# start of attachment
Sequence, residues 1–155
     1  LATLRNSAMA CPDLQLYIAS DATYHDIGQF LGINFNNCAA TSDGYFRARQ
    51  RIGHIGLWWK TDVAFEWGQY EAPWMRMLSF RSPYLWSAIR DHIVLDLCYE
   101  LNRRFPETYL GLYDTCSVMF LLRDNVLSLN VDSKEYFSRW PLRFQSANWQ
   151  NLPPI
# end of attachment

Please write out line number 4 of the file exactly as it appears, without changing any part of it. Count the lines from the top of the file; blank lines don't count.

   101  LNRRFPETYL GLYDTCSVMF LLRDNVLSLN VDSKEYFSRW PLRFQSANWQ